A murine B16F10 (H2b) variant of the B16 melanoma cell line originated from C57Bl6 mice was used in the experiments. Cell viability was determined by the Trypan Blue exclusion test, which showed that >95% of the cells were viable. B16F10 cells (8×105/100 μL) were suspended in R10 and injected subcutaneously into flank regions of mice to induce tumor formation. To assess the effects of treatments on early steps of melanoma development, 3 days after injection of cells, the animals were treated with saline, DMSO (AcE vehicle, 2%), LNC (1×1012 particles/day), AcE (50 mg/kg/day), AcE-LNC (50 mg/kg/day of AcE; 1×1012 particles/day), or CCT (30 μL plus 220 μL of saline), according to each experimental goal, by intraperitoneal or oral route, and treatments were continued for 7 days. Tumor size was measured daily using a caliper-like instrument and converted to tumor volume by the equation: volume = (the shortest diameter)2 × (the longest diameter) ×0.5, and expressed in cubic millimeters.43,44 Additionally, the weight of animals and food intake were measured daily during all treatments.
At least five tumor hematoxylin and eosin sections (2–3 μm thick, paraffin embedded) from each animal treated with saline, LNC (1×1012 particles/day), AcE (50 mg/kg/day), or AcE-LNC (50 mg/kg/day of AcE; 1×1012 particles/day) by oral route were analyzed.
At the end of treatments with saline, LNC (1×1012 particles/day), AcE (50 mg/kg/day), or AcE-LNC (50 mg/kg/day of AcE; 1×1012 particles/day) by oral route, the blood of the animals was drawn from vena cava, and ethylenediaminetetraacetic acid (Sigma Chemicals) was used as an anticoagulant to perform hemogram. The evaluation of blood profile was performed on ABX Micros ABC Vet equipment (Horiba ABX, Kyoto, Japan). Additionally, serum samples were used to evaluate hepatic and kidney functions by biochemical analysis using a biochemical auto analyzer (Labmax 240; Labtest Diagnóstica SA, Lagoa Santa, Brazil).
Data are presented as mean ± standard error of the mean of the three experiments in each condition for in vitro studies or of ten animals for in vivo studies. Statistical analyses were performed with GraphPad Prism5 (GraphPad Software, Inc., La Jolla, CA, USA). One- or two-way analyses of variance followed by Tukey’s post hoc test were used to compare the data. P-values <0.05 were considered significant.
Results and discussion
Synthesis and characterization of PCL LNCs
The LNC formulation was obtained macroscopically as a white opalescent homogeneous liquid. The concentration of ingredients used to prepare the LNC was based on previous preformulation studies, which showed that the exclusive formation of LNC structures dispersed in water (without nanoemulsion or nanosphere contaminants) is reached at the mass proportions of SM:CCT:PCL of 1.0:4.0:2.6.38,45 The process yielded colloidal dispersions without any phase separation after preparation. In this way, no centrifugation or filtration was needed to perform the physicochemical characterization of formulations. The photon correlation spectroscopy analysis of LNC showed unimodal size distribution with z-average diameter of 208±15 nm and PDI of 0.11±0.01.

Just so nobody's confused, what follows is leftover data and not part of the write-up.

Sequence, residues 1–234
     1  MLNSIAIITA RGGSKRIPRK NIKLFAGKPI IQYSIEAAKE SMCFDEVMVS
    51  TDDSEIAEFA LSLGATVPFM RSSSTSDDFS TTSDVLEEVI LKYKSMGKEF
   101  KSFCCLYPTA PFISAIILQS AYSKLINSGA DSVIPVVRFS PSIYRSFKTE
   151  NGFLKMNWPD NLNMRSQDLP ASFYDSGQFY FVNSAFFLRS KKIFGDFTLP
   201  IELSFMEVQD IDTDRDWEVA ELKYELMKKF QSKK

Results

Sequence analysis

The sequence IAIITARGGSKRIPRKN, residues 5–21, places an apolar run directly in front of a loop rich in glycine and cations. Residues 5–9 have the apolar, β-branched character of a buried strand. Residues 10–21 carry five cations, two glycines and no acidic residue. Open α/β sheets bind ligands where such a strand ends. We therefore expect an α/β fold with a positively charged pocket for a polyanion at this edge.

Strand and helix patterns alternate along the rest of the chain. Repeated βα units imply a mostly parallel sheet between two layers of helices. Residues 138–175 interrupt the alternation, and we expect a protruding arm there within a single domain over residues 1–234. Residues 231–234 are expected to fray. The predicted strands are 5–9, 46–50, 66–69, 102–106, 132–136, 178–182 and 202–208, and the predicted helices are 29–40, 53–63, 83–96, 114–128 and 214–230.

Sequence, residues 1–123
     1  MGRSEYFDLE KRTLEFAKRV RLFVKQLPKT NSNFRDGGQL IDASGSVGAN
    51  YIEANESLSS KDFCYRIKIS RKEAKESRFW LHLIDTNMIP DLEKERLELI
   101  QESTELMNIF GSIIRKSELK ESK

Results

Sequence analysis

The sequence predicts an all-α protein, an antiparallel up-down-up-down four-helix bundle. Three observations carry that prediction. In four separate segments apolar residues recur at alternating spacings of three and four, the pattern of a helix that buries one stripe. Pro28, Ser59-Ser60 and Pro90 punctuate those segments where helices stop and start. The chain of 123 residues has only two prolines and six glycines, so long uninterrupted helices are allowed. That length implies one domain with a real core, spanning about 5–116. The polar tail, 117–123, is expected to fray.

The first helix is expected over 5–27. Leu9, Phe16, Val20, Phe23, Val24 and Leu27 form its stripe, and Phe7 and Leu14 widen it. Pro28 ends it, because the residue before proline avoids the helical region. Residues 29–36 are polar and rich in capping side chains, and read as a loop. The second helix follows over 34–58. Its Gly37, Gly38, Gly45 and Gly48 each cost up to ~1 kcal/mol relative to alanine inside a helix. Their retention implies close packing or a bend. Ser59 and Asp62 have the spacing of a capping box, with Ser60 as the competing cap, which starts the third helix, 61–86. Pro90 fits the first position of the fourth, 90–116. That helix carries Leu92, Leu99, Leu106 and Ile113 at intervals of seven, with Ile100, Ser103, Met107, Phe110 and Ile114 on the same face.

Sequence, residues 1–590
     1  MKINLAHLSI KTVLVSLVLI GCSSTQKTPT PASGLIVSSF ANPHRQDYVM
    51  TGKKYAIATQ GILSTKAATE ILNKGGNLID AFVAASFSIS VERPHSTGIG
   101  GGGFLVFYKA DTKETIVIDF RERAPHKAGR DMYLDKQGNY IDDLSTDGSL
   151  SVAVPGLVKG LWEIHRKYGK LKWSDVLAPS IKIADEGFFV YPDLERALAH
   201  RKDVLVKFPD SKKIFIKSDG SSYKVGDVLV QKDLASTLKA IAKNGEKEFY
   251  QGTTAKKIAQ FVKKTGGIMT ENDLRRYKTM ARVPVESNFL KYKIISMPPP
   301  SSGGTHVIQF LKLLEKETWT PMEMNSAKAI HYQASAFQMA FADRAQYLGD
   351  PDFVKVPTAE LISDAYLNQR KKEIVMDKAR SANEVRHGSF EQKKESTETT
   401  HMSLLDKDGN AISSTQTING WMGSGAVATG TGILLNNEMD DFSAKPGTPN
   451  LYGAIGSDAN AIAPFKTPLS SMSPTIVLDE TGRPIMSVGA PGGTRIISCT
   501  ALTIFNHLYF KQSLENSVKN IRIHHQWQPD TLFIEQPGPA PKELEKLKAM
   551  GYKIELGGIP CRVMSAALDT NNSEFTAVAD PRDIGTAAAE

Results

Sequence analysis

The preformulation study to obtain eugenol or AcE encapsulated in LNC started calculating the logarithm of distribution (log D) for both to determine the probable mechanisms of encapsulation in LNC. The lipophilicity of drugs is the key feature influencing the encapsulation mechanism, and the correlation of log D to the mechanism of encapsulation was previously established for LNC.46 Eugenol and AcE are lipophilic substances with log D of 2.20 and 2.40 (software ACD/Labs), respectively. In both cases, mechanisms type III and type IV are expected, since methotrexate diethyl ester and indomethacin are respective examples of those mechanisms, both with log D of 2.21.46 The mechanism type III is characterized by a dispersion of the drug in all compartments of the formulation (core, polymer wall, and aqueous phase), while in type IV, the drug is mainly interacting with the PCL wall of LNC.
Considering that eugenol and AcE are essential oils, they could act as solvents for PCL. Moreover, in both mechanisms of encapsulation (types III and IV), the polymer–oil interactions are present and could influence the supramolecular structure of the nanocapsules. To determine the interactions of the essential oils with PCL, we carried out a swelling experiment47 to determine the solubility of PCL in contact with eugenol or AcE. A preliminary study showed the complete dissolution of the PCL film in eugenol, while it remained intact in AcE after 15 days.
To retard the dissolution of PCL by eugenol, mixtures (w/w) of eugenol/CCT (1:1 and 1:9) were assayed, since CCT is a nonsolvent for PCL as previously demonstrated.47 In parallel, similar mixtures of AcE/CCT were prepared for comparison. After 1 day, the PCL films immersed in eugenol/CCT (1:1, w/w) showed an increase in weight (140%), while after 60 days, a reduction of 60% in weight was determined. Nevertheless, PCL films in contact with eugenol/CCT (1:9, w/w) showed similar weight (P>0.05) in the same period of time. No significant change in the polymer film was observed for 60 days, during which PCL was immersed in AcE/CCT mixtures, regardless of the mass ratio of the oily mixture. However, we observed higher standard deviations for the films immersed in eugenol/CCT (1:9, w/w) compared to those immersed in AcE/CCT (1:9, w/w) (Figure S2).
The results initially suggested that the integrity of the polymeric wall of LNC could be preserved when AcE was encapsulated. Conversely, eugenol, even when blended with CCT, could interact better with the polymer wall, dissolving it prematurely and impairing the supramolecular structure of eugenol-LNC, as previously observed for benzyl benzoate nanocapsules.47